But Yasmeen, who has no one else in her family to turn to, is enjoying having her son home.

Ahmed Zafar Khan eating his lunch with his mother and grandmother watching over him. © Cover Asia Press/ Faisal Magray

She said: ‘It was unbelievable to see my son again.

‘It was like getting a piece of my soul back. But he looked so ill. He’d lost 3kgs in six days.’

‘When he saw me he looked at me, cried and then slapped me on my face. I guess he was as emotional as me. I could understand his frustration. Since his return he’s not left my side, I feel he’s too scared to go far from me now.’

Since his return Yasmeen has also bought him two pet rabbits to keep him entertained.

18-month-old Ahmed Zafar Khan playing with his pet rabbits at his home in Mumbai, India. © Cover Asia Press/ Faisal Magray

She added: ‘He’s been through a lot so I wanted to get him something to help him feel relaxed again.’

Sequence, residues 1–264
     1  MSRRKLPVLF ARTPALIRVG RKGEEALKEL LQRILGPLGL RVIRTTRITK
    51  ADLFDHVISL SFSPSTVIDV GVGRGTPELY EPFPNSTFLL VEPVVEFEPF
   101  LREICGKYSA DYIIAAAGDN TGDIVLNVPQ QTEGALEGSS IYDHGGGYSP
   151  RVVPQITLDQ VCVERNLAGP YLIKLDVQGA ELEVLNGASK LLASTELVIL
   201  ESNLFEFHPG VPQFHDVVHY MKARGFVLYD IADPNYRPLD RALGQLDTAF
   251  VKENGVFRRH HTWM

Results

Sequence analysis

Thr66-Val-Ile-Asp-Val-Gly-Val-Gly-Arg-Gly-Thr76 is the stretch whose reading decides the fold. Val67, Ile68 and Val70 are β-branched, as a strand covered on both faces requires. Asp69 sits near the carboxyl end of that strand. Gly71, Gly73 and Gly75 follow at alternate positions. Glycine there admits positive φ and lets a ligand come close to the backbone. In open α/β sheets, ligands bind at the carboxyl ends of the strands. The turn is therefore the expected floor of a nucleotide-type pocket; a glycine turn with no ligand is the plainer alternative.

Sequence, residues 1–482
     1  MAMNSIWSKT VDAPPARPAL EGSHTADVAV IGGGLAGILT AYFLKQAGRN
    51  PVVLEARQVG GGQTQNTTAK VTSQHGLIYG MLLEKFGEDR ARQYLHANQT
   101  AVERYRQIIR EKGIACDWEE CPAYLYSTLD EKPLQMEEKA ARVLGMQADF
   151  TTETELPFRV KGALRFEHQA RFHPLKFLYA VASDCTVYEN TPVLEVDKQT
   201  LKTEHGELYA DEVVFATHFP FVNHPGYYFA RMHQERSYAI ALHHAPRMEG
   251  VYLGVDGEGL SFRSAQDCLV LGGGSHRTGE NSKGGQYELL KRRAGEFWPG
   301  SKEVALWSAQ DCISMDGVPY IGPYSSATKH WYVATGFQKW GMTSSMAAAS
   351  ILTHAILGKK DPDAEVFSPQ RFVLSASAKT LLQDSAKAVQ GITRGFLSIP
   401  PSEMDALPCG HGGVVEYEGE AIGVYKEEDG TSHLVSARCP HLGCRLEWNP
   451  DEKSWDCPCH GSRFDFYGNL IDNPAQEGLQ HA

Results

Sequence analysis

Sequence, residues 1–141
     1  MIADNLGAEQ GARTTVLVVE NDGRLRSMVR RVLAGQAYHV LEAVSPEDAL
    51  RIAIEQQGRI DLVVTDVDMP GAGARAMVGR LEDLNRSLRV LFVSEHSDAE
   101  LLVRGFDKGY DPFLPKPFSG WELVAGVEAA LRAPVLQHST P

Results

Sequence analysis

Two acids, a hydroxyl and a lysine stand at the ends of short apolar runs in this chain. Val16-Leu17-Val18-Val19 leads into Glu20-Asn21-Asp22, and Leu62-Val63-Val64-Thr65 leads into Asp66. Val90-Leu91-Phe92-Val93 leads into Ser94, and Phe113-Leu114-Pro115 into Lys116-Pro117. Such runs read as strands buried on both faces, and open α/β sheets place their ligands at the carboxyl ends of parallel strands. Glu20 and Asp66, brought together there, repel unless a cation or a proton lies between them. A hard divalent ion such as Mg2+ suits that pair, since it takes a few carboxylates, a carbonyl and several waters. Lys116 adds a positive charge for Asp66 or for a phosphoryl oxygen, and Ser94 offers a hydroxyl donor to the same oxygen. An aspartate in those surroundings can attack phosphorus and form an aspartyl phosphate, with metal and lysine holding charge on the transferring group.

‘I have got my child back now and there’s nothing I will ask off God again.’

‘I called my husband and told him the good news. He started crying. He was so worried and wanted to fly home but his company wouldn’t release him. So he’s relieved to know his son his safe.’

‘How could my own cousin do this? I hope she gets the death sentence. They stole my baby like a commodity. They do not deserve any forgiveness. I have lost faith in people now. When your family can betray you like this, it makes you wonder what strangers are capable of.’

India has a notoriously bad reputation for human trafficking. The number of kidnappings and abductions last year was a 263.5 per cent increase on 2005.

The country’s National Crime Records Bureau registered 82,999 cases of kidnapping and abductions last year and 3,490 cases of child trafficking.